Windfall Arguments: Oil, Natural Gas Industry Here Given Tax Breaks, Too

A recent editorial in The Oklahoman discussing tax incentives for the state’s growing wind energy sector fails to note the hypocrisy that one of the leading opponents of the incentives is Harold Hamm, the chief executive officer of Continental Resources, a local oil and gas company.

The billionaire Hamm’s role as a leading member of the so-called Windfall Coalition, which opposes any tax incentives for generating wind power here is as blunt as it gets in the business and political worlds. In essence it’s a case of old-guard fossil fuel producers against new-wave renewable energy creators.

It’s dirty energy versus clean energy. It’s global warming naysayers against environmentalists. It’s the planet destroyers against the planet savers.

What matters even more is that the growth of wind energy is growing exponentially throughout the world as the negative impact of manmade climate change becomes a reality. According to the Wind Energy Foundation, wind power now generates 4 percent of the electricity in the United States, and that number is growing.

All that apparently doesn’t mean much to or has yet to sink into the minds of members of The Oklahoman editorial board, but it’s the most obvious symbol in the debate of ending tax incentives for companies that produce electricity using wind turbines in Oklahoma. Oil and gas companies get tremendously huge breaks on gross production taxes here, which has contributed to the state’s fiscal problems that now include a predicted $1.3 billion budget shortfall next year.

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Vote Yes On SQ 779 To Save, Support Education

A record breaking initiative petition drive will almost certainly place a measure on the November ballot that, if approved, would raise the state sales tax by one cent to generate money exclusively for education on an annual basis.

The Oklahoma Secretary of State’s office will start going through the more than 300,000 signatures—a record number for a statewide initiative petition drive—today, according to news reports, and then State Question 779 can officially be placed on the ballot.

SQ 779 is an important, history-making and education-saving measure that deserves support. It will raise $615 million annually for schools and ensure teachers receive a $5,000 raise. Some of the money will be allocated for higher education and vocational schools as well. Oklahoma has cut education more than any state in the nation since 2008, and SQ 779 will mitigate some but not all of the damage.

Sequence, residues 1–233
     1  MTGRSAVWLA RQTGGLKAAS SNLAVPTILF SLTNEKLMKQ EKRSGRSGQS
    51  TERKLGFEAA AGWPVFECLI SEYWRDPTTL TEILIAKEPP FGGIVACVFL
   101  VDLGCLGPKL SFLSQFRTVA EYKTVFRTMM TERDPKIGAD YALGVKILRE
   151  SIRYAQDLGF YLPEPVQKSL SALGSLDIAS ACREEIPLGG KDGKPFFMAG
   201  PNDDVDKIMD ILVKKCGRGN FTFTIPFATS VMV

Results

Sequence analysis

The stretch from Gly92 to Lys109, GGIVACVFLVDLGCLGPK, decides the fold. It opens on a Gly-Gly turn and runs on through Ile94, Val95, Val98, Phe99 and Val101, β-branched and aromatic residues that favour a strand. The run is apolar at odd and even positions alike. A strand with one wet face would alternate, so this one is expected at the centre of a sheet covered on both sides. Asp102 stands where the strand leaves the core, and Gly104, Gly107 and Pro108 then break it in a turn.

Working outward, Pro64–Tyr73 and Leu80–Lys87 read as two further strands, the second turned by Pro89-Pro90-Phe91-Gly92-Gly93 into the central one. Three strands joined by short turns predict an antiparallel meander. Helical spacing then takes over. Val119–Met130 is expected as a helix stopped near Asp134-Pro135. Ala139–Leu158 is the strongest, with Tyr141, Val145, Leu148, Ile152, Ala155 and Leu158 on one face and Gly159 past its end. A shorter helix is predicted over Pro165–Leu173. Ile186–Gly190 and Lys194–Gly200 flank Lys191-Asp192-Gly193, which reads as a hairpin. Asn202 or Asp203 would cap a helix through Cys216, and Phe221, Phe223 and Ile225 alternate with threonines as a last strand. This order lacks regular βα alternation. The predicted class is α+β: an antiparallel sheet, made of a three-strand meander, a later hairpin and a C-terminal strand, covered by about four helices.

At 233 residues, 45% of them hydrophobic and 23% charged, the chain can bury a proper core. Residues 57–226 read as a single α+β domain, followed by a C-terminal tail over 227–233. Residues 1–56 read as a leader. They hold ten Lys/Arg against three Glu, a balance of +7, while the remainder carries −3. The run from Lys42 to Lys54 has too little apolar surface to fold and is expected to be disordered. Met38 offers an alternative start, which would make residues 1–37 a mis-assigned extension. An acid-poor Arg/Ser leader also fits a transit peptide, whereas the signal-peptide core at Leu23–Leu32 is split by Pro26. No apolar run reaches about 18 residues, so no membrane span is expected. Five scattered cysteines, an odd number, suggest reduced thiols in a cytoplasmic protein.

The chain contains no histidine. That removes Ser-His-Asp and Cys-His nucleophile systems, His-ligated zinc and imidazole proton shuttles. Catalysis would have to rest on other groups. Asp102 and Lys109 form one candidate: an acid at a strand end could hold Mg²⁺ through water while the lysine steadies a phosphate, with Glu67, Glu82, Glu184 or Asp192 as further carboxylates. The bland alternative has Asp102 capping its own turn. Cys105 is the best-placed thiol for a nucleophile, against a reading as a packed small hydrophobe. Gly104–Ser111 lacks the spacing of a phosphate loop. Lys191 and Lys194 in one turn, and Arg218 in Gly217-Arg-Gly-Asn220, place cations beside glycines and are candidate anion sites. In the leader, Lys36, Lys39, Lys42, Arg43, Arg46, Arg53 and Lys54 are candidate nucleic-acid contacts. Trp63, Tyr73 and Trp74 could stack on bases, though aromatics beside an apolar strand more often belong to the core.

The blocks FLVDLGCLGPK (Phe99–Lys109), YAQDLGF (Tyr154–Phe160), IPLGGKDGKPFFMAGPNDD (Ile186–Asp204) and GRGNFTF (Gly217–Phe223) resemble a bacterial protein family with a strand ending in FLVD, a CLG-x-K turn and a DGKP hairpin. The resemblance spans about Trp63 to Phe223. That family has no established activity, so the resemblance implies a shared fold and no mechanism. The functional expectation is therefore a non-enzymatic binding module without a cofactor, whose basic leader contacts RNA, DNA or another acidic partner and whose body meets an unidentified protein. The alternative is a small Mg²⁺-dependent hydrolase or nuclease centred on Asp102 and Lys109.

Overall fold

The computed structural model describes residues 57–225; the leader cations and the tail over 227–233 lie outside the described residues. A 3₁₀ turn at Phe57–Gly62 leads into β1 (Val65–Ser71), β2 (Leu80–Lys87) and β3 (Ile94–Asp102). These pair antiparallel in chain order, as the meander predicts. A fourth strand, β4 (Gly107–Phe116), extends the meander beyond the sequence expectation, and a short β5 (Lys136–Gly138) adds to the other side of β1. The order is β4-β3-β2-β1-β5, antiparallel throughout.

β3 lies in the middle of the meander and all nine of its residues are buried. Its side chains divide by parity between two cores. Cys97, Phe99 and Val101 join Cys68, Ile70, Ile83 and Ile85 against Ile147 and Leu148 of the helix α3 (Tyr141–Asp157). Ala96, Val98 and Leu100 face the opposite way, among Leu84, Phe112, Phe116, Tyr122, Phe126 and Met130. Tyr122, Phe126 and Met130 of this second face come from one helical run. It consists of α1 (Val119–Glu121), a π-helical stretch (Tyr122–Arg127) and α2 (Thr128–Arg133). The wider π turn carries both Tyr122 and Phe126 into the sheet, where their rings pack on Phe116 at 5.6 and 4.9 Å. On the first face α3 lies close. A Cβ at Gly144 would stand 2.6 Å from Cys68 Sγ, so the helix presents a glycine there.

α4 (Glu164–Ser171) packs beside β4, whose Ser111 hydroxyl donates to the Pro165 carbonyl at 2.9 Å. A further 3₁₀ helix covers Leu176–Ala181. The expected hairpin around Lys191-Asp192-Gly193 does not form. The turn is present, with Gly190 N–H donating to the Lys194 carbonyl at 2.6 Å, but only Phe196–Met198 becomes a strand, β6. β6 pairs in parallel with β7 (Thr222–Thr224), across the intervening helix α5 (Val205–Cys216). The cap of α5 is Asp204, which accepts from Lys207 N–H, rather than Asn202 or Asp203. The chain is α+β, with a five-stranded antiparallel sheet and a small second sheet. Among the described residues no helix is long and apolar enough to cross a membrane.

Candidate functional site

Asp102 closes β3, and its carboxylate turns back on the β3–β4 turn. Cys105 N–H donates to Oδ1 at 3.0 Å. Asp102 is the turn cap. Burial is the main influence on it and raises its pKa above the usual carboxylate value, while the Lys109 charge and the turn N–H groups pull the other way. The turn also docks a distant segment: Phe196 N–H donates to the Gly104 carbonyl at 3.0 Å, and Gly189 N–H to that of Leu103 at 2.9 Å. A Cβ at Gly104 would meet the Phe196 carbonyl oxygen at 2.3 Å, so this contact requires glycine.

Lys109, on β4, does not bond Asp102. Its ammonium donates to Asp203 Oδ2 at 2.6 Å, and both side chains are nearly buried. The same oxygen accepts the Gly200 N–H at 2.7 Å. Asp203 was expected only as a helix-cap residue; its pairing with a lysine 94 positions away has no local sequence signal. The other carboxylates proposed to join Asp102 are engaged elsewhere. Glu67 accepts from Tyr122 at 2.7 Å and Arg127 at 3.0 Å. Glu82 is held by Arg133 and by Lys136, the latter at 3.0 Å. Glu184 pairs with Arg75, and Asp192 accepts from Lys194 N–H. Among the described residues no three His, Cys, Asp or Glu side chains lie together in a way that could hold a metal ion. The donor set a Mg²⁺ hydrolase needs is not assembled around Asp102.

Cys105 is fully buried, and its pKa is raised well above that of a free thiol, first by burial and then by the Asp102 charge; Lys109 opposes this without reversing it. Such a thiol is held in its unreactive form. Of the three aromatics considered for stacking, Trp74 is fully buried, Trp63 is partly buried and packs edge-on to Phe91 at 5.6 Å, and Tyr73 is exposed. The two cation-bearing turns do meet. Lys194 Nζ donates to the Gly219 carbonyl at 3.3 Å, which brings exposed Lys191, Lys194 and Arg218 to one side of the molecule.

Before I get into why Oklahomans should vote for SQ 779, I want to address two arguments made against it: (1) Sales taxes are regressive because low-income people spend a larger percentage of their money on taxed purchases, and (2) sales taxes are already too high in Oklahoma.

Those who champion SQ 779, which include University of Oklahoma President David Boren, absolutely know that sales taxes are regressive, but the Oklahoma Legislature and Gov. Mary Fallin have failed miserably to find the money to fund our education systems. It’s highly unlikely, even unfathomable, they will act to roll back recent income tax cuts implemented over the last decade or so. The only alternative to SQ 779 is to do nothing. Among states, Oklahoma ranks 49th in the nation in per pupil spending rates. Teacher salaries here rank 48th in nation. Cuts made to education in recent years and anticipated cuts this coming fiscal year mean hundreds of teaching positions will be cut.

The one penny will also benefit low-income school children the most and future legislation could offer an education tax rebate to low-income families and completely eliminate sales taxes on groceries.

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Oklahoma Street Guns: No Training, No Permit, No Problem

It’s highly disappointing that another legislative bill loosening what few gun restrictions we have here to a new ridiculous level is moving through the Oklahoma House and Senate by huge voting margins.

It’s a sign that conservatives, who dominate state government, still remain confident they’re empowered politically enough to pass extremist legislation, which doesn’t bode well for what might happen to next year’s budget or even what might happen in the upcoming November election.

The state faces a $1.3 billion shortfall for next fiscal year and some state agencies have already taken steep cuts because of a revenue failure this year. Higher education, for example, has already had its overall state allocation reduced by $112 million and faces more cuts next year.

But if you can afford to buy a gun in this economic downturn caused by conservative ideology, well, it looks like you’re going to be able to walk around and display it openly even if you haven’t had one bit of training or even have a permit.

House Bill 3098 easily passed the Senate on a 37-9 vote Wednesday after earlier passing the House on 73-15 vote. The bill, in its present form, would allow anyone 21 or older who hasn’t been convicted of a felony crime to openly carry a gun without receiving the training required for concealed carry and without getting a permit.

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